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    Reporting to the Senior Operations Director, the Outreach Program Coordinator will assist the programmatic staff to uphold the mission of the organization via public-facing projects. The Outreach Program Coordinator will perform assignments promoting climate solutions related primarily to energy efficiency and water conservation, including online and in-person outreach, public speaking engagements, and media and communications generation while contributing to additional policy work and projects as needed. Willingness to drive for outreach work throughout both LA County and adjacent counties up to [3] days per week + automobile required (Reimbursement provided). 401K, medical benefits, dental/vision stipend. $48-52 DOE.
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  • CA School Boards Assn- Legislative Advocate (West Sacramento) Under supervision of the Assistant Executive Director for Governmental Relations, researches, analyzes, and evaluates proposed and current state and federal legislation, legislative issues, statutes, regulations, and policies; communicates and advocates for the Association’s position to influence opinion in favor of public education; develops, summarizes, and maintains reports and records; fosters cooperative working relationships among Association staff and acts as liaison with various legislative, educational, community, public, and government agencies; and performs related work as required.
    Details here:  
  • CA School Boards Assn- Public Affairs and Community Engagement Representative (Bay Area)
    This position serves as CSBA’s liaison to local school and county boards of education, key decision-makers and the community-at-large, and is responsible for implementing CSBA’s grassroots program, establishing relationships, and facilitating local and regional outreach and activation efforts. Communicates about issues in education that require familiarity with educational laws, regulations and trends.  Executes grassroots strategies designed to build relationships with, train, support and mobilize local school board members and communities to advance CSBA’s legislative and statewide ballot measure advocacy priorities. Coordinates and executes fundraising events. BOE. Details: 
  • CA School Boards Assn- Public Affairs and Community Engagement Representative (Orange County)
    This position serves as CSBA’s liaison to local school and county boards of education, key decision-makers and the community-at-large, and is responsible for implementing CSBA’s grassroots program, establishing relationships, and facilitating local and regional outreach and activation efforts. Communicates about issues in education that require familiarity with educational laws, regulations and trends. Executes grassroots strategies designed to build relationships with, train, support and mobilize local school board members and communities to advance CSBA’s legislative and statewide ballot measure advocacy priorities. Coordinates and executes fundraising events. BOE. Details:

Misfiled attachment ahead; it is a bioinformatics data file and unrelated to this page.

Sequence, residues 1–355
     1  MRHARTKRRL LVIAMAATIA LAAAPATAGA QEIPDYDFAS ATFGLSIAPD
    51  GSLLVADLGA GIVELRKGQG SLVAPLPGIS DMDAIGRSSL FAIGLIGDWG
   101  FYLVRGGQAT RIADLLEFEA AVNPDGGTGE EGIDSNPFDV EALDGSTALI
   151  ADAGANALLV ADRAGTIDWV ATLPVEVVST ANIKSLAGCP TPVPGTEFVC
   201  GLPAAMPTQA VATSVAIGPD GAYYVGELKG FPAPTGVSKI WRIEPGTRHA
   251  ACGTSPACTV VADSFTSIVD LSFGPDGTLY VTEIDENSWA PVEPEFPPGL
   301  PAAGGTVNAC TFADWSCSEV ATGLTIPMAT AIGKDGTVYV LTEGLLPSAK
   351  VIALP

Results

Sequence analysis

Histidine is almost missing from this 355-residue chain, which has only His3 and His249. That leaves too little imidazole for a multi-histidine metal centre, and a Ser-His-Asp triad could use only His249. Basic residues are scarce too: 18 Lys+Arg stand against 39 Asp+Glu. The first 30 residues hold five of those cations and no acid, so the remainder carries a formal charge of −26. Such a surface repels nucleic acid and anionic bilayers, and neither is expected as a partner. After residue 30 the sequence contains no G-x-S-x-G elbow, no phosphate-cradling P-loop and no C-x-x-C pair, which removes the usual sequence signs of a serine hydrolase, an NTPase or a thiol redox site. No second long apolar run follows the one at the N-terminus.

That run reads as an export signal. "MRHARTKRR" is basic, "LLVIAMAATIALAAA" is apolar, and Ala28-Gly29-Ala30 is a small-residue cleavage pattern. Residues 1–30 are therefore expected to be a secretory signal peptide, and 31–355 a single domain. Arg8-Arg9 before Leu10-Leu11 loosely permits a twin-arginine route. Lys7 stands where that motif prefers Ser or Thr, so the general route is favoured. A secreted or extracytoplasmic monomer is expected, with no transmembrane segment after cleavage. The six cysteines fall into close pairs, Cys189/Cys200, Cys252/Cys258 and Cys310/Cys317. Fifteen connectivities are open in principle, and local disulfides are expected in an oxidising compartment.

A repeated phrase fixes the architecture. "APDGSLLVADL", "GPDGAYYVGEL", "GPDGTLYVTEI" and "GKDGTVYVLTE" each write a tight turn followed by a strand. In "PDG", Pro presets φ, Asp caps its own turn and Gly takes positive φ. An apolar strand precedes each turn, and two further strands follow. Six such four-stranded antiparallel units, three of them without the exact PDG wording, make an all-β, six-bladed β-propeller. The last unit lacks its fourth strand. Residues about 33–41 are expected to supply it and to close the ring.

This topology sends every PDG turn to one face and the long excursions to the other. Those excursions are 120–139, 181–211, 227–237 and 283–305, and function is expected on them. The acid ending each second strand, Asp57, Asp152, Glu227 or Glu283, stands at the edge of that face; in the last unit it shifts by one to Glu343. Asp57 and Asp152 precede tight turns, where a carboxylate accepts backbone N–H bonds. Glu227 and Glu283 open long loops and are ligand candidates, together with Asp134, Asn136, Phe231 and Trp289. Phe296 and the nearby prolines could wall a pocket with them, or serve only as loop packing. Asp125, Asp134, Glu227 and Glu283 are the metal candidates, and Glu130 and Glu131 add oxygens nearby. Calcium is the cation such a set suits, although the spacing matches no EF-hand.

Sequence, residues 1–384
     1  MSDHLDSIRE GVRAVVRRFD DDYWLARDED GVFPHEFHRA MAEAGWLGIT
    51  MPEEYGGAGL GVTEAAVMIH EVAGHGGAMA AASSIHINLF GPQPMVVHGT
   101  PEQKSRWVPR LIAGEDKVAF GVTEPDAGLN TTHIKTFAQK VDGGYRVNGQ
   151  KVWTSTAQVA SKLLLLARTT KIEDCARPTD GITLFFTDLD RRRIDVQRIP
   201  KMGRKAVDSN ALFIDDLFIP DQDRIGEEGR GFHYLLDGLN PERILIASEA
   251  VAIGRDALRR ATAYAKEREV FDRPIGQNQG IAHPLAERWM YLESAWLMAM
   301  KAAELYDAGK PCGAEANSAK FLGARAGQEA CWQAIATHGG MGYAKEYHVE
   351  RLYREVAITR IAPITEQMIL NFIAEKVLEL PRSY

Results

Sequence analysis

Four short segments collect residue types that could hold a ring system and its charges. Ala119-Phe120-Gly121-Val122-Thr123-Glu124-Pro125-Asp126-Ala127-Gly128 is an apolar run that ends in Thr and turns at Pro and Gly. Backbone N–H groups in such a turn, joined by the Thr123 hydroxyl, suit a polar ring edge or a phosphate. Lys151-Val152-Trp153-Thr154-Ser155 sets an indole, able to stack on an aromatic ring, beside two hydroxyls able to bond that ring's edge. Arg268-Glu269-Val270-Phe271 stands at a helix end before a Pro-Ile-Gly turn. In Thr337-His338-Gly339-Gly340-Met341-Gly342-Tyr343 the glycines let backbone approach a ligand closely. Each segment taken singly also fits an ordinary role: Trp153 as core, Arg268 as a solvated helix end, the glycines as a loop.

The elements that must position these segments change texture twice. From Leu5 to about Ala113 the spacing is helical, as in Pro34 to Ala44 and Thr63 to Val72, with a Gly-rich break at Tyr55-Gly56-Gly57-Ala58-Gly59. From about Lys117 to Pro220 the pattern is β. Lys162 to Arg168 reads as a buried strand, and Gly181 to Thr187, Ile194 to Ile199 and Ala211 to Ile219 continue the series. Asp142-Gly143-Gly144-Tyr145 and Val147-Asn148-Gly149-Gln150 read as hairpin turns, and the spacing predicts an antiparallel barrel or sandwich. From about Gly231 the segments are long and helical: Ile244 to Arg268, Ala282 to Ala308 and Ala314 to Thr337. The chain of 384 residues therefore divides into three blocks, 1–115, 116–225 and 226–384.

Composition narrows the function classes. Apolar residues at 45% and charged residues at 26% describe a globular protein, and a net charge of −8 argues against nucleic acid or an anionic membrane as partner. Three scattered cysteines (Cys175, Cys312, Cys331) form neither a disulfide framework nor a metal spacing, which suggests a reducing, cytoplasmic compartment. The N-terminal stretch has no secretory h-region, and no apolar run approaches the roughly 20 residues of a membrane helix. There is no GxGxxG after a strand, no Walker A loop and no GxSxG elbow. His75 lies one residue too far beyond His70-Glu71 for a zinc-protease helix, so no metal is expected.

• CA School Boards Assn- Public Affairs and Community Engagement Representative (San Joaquin North)
    This position serves as CSBA’s liaison to local school and county boards of education, key decision-makers and the community-at-large, and is responsible for implementing CSBA’s grassroots program, establishing relationships, and facilitating local and regional outreach and activation efforts. Communicates about issues in education that require familiarity with educational laws, regulations and trends.  Executes grassroots strategies designed to build relationships with, train, support and mobilize local school board members and communities to advance CSBA’s legislative and statewide ballot measure advocacy priorities. Coordinates and executes fundraising events. BOE. Details:

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Stunned By A Surge In Mass Shootings, California Lawmakers Send Nine Gun-control Bills To The Governor
Patrick McGreevy @
Nearly 30 years after California became the first state to ban the sale of assault weapons and embarked on a path toward the strictest firearm laws in the nation, legislators have sent Gov. Jerry Brown nine new gun-control bills in response to a surge in mass shootings.

Obama To Launch Midterm Campaigning This Weekend - Politico

Obama will then be in Cleveland next Thursday to campaign for Richard Cordray, his former head of the Consumer Financial Protection Bureau. Obama urged Cordray, who was previously the Ohio attorney general, into the race for governor, and has been eager to see him win.